Chapter 21: Summary and Analysis
Joyce: Bailey’s first love outside the family
Mrs. Goodman: a customer in the Store who gives the reader information about the whereabouts of Joyce
Chapter 21 describes the sexual experiments of Bailey. While Marguerite serves as the lookout, Bailey takes girls into a tent he constructed in the back yard. Bailey finally has sexual relations with Joyce, a new girl in the community. Marguerite explains that Joyce was Bailey’s first love outside the family.
Mrs. Goodman, at the end of the chapter, tells Momma that Joyce has left Stamps with one of those railroad porters. Bailey is at first despondent, but he is finally able to summarize the situation by saying, “She’s got someone to do it to her all the time now.”
The theme of maturation is again very evident in Chapter 21; it seems, however, that it is more Bailey than Marguerite who is physically maturing. Bailey is struggling to gain sexual knowledge from the local girls. He finally develops a sexual relationship with Joyce, the newcomer to Stamps.
Imagery helps the reader visualize the new character Joyce. For example, Marguerite says that Joyce walked “as if she were carrying a load of wood.” Dialect is evident; for example, when Mrs. Goodman tells what has happened to Joyce, Momma says, “Do, Lord.” The simile is used to describe Bailey’s initial reaction to Joyce’s leaving; Marguerite says, “He closed in upon himself like a pond swallowing a stone.” Mrs. Henderson uses a metaphor to describe Marguerite as Marguerite eavesdrops; Mrs. Henderson says, “the Lord don’t like little jugs with big ears.”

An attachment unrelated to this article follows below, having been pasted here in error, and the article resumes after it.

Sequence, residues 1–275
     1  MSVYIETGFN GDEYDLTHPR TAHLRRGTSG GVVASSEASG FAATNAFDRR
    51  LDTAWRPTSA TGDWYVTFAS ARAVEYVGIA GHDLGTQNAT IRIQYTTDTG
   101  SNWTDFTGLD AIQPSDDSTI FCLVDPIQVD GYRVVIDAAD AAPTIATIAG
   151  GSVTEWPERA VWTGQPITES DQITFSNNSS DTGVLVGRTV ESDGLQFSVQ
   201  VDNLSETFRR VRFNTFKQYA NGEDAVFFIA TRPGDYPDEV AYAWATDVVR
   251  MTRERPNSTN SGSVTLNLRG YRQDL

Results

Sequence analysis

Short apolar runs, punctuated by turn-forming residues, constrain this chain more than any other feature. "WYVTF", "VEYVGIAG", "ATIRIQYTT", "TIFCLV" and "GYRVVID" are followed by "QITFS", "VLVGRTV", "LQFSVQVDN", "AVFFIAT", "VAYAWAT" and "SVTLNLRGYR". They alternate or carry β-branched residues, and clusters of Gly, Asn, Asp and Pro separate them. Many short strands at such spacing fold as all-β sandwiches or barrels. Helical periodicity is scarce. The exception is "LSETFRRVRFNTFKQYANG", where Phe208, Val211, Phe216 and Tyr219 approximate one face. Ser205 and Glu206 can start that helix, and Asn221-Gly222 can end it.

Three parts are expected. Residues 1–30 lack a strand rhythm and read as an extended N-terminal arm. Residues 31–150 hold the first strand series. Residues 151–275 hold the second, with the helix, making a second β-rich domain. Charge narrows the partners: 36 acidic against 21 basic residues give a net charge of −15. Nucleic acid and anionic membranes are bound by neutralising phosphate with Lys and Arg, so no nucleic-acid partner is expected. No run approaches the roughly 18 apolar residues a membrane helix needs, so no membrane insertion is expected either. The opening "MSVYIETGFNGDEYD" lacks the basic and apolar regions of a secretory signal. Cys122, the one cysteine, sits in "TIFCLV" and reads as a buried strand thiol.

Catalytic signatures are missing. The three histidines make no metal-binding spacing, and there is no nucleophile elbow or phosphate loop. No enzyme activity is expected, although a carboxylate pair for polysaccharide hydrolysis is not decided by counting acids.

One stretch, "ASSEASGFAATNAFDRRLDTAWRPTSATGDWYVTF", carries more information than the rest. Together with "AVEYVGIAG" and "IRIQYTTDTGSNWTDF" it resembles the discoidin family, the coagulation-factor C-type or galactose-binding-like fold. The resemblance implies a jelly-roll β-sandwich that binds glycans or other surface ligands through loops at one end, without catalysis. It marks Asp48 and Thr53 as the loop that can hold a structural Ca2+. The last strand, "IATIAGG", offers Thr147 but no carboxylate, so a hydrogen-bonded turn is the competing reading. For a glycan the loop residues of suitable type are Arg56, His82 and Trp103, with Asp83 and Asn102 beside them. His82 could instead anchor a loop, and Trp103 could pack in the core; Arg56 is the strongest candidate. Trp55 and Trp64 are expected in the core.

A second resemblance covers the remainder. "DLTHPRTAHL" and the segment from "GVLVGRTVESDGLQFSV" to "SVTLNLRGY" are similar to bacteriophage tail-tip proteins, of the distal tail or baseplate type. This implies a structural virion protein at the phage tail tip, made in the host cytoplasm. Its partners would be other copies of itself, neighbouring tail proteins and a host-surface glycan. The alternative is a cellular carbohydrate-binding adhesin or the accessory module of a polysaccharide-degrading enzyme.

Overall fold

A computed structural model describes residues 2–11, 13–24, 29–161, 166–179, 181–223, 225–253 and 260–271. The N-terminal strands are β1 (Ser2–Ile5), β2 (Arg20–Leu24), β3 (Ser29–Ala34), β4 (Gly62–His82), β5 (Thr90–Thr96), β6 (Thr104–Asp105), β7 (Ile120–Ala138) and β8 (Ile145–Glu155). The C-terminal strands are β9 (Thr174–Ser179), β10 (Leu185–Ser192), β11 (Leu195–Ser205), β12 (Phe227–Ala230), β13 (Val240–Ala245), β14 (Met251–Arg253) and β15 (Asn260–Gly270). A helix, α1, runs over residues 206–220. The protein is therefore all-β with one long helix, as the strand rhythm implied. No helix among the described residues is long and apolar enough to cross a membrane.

Marguerite is the innocent in this chapter; she says, “I thought he would go to the hospital if he let her do that to him, so I warned him, ‘Bailey, if you let her do that to you, you’ll be sorry.’”
Marguerite is resentful of Joyce—at first because of her relationship with Bailey and later because of her leaving him. “If I had disliked Joyce while she had Bailey in her grasp, I hated her for leaving.” Bailey himself struggles to accept the fact. Marguerite describes how Bailey “lost interest in everything. He mulled around and it would be safe to say ‘he paled.’”
Resolution comes at the end of the chapter when Bailey accepts his loss and he and Marguerite go on to other things—a sign of maturity.